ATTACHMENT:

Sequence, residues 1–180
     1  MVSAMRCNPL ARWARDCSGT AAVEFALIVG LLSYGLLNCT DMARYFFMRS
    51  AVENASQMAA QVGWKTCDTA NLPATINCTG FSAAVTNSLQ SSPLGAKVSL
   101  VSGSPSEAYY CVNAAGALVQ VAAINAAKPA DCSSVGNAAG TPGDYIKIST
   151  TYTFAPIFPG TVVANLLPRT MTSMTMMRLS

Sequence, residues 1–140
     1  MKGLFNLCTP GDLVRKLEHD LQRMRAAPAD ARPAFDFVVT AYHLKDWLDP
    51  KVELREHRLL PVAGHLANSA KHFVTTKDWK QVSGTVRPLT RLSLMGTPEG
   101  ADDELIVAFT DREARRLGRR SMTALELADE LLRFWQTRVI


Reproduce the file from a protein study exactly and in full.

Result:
Sequence, residues 1–180
     1  MVSAMRCNPL ARWARDCSGT AAVEFALIVG LLSYGLLNCT DMARYFFMRS
    51  AVENASQMAA QVGWKTCDTA NLPATINCTG FSAAVTNSLQ SSPLGAKVSL
   101  VSGSPSEAYY CVNAAGALVQ VAAINAAKPA DCSSVGNAAG TPGDYIKIST
   151  TYTFAPIFPG TVVANLLPRT MTSMTMMRLS

Sequence, residues 1–140
     1  MKGLFNLCTP GDLVRKLEHD LQRMRAAPAD ARPAFDFVVT AYHLKDWLDP
    51  KVELREHRLL PVAGHLANSA KHFVTTKDWK QVSGTVRPLT RLSLMGTPEG
   101  ADDELIVAFT DREARRLGRR SMTALELADE LLRFWQTRVI